Finally, deciding when to take Social Security. The timing of when to take it is an important decision that directly impacts the overall health of your retirement plan. Certain strategies can maximize your monthly benefit, reducing the stress placed on your personal retirement savings.

If you had to advise your loved ones about the 3 most important health issues to keep in mind before they retire, what would you say? Can you give an example or share a story?

Stay on top of your health. Try to form some healthy habits before you retire and start young! Health is important for a couple of reasons. Health care is expensive, but also being able to enjoy the retirement you plan for. My doctor specifically told me the older you get, the more the decisions we make earlier in our life determines quality of health. You body is a system and one wrong thing can lead to a bigger problem. Most recently, I had some back problems. Old me would just ignore it, however this time I went to the doctor. After some physical therapy, I feel incredible. If I would have continued to ignore it, it would have progressed into surgery leading to a lifelong pain management program. I could only imagine the cost.

Create a daily exercise routine to keep or get in shape in your retirement. It can be as simple as walking the dog every day or as complex as a trainer and set weekly schedules. Whatever you choose, it’s important to stay active. Not just because it keeps you in shape, but also so you can enjoy the retirement life you want to live. Imagine planning a European vacation and not being able to survive the 10-hour flight without pain or not see the sites around the city because you can’t walk.

Third, maintain a positive attitude. They say your mindset can directly contribute to your overall health and I’m a true believer in this. Consistent worry about things out of your control lead to stress, which just leads to more issues. Realize you can only control so much and enjoy doing the things you like.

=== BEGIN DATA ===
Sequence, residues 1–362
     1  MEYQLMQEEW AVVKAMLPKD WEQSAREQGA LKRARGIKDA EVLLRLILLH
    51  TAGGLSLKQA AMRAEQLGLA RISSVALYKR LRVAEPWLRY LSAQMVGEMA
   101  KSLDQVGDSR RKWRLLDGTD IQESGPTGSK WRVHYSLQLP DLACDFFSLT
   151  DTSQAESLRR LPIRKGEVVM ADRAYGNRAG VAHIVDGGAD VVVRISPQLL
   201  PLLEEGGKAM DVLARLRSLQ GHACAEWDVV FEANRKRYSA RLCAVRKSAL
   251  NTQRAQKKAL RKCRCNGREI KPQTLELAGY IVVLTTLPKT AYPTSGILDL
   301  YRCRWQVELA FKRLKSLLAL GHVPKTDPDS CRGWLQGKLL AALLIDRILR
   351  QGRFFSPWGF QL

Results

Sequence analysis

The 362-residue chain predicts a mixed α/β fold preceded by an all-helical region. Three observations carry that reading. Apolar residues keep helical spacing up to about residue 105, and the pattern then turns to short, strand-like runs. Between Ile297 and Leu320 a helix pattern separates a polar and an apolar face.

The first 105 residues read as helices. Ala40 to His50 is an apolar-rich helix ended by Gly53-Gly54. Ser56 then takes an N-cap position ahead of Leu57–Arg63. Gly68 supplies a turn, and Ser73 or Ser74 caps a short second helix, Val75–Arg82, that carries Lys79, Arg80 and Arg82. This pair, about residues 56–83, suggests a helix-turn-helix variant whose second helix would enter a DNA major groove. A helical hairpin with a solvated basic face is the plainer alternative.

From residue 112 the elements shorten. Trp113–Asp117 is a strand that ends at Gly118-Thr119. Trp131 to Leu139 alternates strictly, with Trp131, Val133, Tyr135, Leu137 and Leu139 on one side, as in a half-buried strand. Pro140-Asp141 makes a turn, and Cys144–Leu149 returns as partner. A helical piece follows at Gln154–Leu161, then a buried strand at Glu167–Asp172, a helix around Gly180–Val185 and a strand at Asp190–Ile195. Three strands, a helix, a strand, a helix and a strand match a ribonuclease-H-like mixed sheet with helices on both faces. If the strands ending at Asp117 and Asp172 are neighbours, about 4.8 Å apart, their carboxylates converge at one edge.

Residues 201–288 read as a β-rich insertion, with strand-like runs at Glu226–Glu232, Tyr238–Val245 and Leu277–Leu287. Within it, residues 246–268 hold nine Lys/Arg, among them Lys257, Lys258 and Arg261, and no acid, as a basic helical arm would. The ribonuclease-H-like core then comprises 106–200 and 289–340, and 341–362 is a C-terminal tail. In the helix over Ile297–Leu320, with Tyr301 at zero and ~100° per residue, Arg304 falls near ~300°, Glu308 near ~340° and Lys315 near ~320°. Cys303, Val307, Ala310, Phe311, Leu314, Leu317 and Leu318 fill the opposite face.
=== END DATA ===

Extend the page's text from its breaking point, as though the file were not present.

If you had to advise your loved ones about the 3 most important things to consider before choosing a place to live after they retire, what would you say? Can you give an example or share a story?

Understand how much in total housing cost you will be paying. There are all kinds of considerations on this: property tax, maintenance, replacement. Property tax used to be fully deductible on your taxes, but now with new tax laws it’s not always. If you are purchasing, how old is the house or place you are purchasing? Sometimes when you buy a house, you might have to replace a lot of existing systems such as HVAC and pool equipment, which on a fixed income budget can have direct impact on your successful retirement. Do you live in an area with an income tax or higher cost of living?

Find the city you want to live that provides the retirement life you want and live there. Understand that you don’t have to live somewhere for any other reason than that it’s where you want to live. You aren’t tied to a job or responsibility. You can live somewhere for family, for weather, for lifestyle or whatever reason you choose. Keep in mind; however, that if you can reduce your monthly cost of living, then it requires less money to retire.

Finally, location of healthcare facilities. One thing we probably don’t want to think about is how far a drive it is to the doctor or care facilities. Unfortunately, as we get older, these become an even greater concern. If you have to drive an hour to see your doctor, what happens when something really goes wrong? It’s something to think about if you are making a move.

You are a person of great influence. If you could start a movement that would bring the most amount of good to the most amount of people, what would that be? You never know what your idea can trigger. 🙂

I have two, actually. I try to always educate my client in their finances, not just tell them about it. At the end of the day it’s their money and they need to understand it. It would benefit a lot of people if there was a financial literacy course somewhere in K-12, but I also think having openness at home about how money is spent is imperative. Financial literacy and communication at a young age is where we can create a true understanding of how money works. It’s difficult to ask someone graduating college without any money experience to try to live within their means. They don’t know what their own means are and usually learn the hard way. Teaching your kids realistic expectations of how long it takes for you to work for that new phone or making them understand the impact of saving money can help them understand when they’re making their own financial decisions. I remember my sister saving all of her money. I swear she would save for years. But then she would reward herself and go buy something really nice. It’s something she started young, but is a habit she still does today.